DXA provides information regarding the areal BMD of the lumbar spine (L1–L4) and femoral neck. Areal BMD measurements obtained with DXA are currently considered to be the most significant predictors of fracture risk; however, BMD only indicates the bone mass and does not account for all aspects of fractures . Additionally, DXA is a multistep procedure that requires demographic information, patient positioning, correct image analysis, and artefact identification. Errors have the potential to occur at any step and have been reported in more than 90% of DXA examinations . Hence, clinicians have sought other methods to assess bone quality, yielding new concepts that encompass BMD and several other bone characteristics, such as apatite crystallisation, collagen properties, and trabecular microarchitecture .
Independent of BMD , bone microarchitecture is reported as a key determinant of bone strength, and its deterioration has been included in the World Health Organization definition of osteoporosis . Several novel methods of assessing bone microarchitecture, including the trabecular bone score, bone strain index obtained with DXA [8, 9], and high-resolution peripheral quantitative computed tomography (HR-pQCT), have made it possible to assess volumetric bone mineral density (vBMD) and the microarchitecture of the radius and tibia . High-resolution trabecular bone imaging yields additional information beyond the areal BMD measurements obtained from DXA to predict bone strength , whereas HR-pQCT is limited to peripheral skeletal sites. On the other hand, although three reports have described microarchitectural analyses of whole-body CT obtained with conventional-resolution CT (CRCT) [12,13,14], no additional studies have suggested that the resolution of CRCT is critical for microarchitecture analysis.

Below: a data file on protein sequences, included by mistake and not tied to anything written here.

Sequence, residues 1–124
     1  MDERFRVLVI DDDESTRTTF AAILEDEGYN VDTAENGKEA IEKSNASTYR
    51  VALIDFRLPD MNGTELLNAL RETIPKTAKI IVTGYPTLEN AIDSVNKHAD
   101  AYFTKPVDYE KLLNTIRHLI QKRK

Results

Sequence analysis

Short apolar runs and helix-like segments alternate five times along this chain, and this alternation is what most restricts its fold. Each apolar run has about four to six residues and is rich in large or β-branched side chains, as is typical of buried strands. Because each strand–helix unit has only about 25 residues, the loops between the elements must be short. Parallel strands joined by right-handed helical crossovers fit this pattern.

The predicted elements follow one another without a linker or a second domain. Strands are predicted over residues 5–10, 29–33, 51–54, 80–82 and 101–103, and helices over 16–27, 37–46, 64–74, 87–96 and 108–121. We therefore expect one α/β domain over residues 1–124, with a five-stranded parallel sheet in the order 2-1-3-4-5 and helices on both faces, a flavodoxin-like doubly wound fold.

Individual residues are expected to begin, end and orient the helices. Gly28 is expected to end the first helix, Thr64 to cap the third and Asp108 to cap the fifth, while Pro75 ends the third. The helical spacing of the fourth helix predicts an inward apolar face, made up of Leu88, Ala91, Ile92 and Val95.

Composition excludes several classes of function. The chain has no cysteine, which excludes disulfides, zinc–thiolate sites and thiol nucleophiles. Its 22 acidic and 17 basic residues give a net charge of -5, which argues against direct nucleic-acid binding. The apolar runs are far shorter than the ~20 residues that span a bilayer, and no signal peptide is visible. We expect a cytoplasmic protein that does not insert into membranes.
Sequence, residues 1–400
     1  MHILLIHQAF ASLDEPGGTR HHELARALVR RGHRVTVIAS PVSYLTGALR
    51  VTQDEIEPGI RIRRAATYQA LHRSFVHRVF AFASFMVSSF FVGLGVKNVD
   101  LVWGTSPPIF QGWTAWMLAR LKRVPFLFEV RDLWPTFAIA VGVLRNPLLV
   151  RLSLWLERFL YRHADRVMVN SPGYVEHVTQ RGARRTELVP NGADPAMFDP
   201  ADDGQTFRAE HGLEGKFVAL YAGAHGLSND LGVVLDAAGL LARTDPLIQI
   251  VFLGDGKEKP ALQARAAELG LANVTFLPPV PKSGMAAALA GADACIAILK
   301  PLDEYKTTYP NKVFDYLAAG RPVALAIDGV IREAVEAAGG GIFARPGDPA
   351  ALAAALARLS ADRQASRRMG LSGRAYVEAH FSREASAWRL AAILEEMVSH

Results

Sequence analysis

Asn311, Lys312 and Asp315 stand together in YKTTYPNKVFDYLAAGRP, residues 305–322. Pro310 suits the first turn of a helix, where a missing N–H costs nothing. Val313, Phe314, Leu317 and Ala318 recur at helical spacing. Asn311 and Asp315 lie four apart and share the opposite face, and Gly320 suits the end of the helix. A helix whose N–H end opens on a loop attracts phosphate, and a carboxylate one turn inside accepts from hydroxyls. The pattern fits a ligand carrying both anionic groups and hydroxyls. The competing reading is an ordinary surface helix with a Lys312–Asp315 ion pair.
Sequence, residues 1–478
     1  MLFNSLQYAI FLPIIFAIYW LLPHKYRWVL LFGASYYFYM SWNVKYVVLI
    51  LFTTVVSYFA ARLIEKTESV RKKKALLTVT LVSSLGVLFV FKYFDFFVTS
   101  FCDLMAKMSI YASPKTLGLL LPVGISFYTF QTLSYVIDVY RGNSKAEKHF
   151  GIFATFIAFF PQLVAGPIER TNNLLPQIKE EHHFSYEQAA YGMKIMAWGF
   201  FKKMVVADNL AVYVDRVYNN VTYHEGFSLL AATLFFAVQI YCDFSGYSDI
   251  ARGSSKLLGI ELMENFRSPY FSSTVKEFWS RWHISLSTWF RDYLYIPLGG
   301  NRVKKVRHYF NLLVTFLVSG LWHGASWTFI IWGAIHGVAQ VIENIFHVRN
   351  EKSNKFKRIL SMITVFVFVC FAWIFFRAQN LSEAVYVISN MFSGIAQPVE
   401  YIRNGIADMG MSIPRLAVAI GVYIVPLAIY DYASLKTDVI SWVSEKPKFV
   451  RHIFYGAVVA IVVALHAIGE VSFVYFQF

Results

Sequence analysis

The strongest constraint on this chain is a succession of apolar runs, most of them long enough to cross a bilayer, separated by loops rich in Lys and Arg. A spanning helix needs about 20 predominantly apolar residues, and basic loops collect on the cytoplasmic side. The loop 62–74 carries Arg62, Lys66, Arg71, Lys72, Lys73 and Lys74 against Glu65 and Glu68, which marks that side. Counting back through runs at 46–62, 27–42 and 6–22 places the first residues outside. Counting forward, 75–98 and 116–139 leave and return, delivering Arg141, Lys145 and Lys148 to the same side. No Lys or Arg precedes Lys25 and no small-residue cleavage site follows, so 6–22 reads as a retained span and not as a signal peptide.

Two previous reports have described the relationship between microarchitectural parameters and spatial resolution using different CT scanners. Specifically, the studies compared HR-pQCT with micro-CT across 17 radii from human cadaver specimens. Baum et al.  demonstrated the effect of voxel size on structural measures obtained from the trabecular and cortical bones; Baum et al. analysed trabecular bone structure parameters measured by a clinical multidetector CT in relation to those from HR-pQCT for 14 spinal segments from human cadavers.
Recently introduced in clinical settings , ultra-high-resolution CT (UHRCT) is a type of whole-body CT that features 128 detector rows of 0.25 mm width in a 2048 × 2048 matrix, providing more than a 2-fold increase in spatial resolution. Currently, UHRCT has yet to be compared with other CT scanners; hence, the effects of changing the slice thicknesses and matrix in UHRCT on the patterns of microarchitectural parameters remain unknown.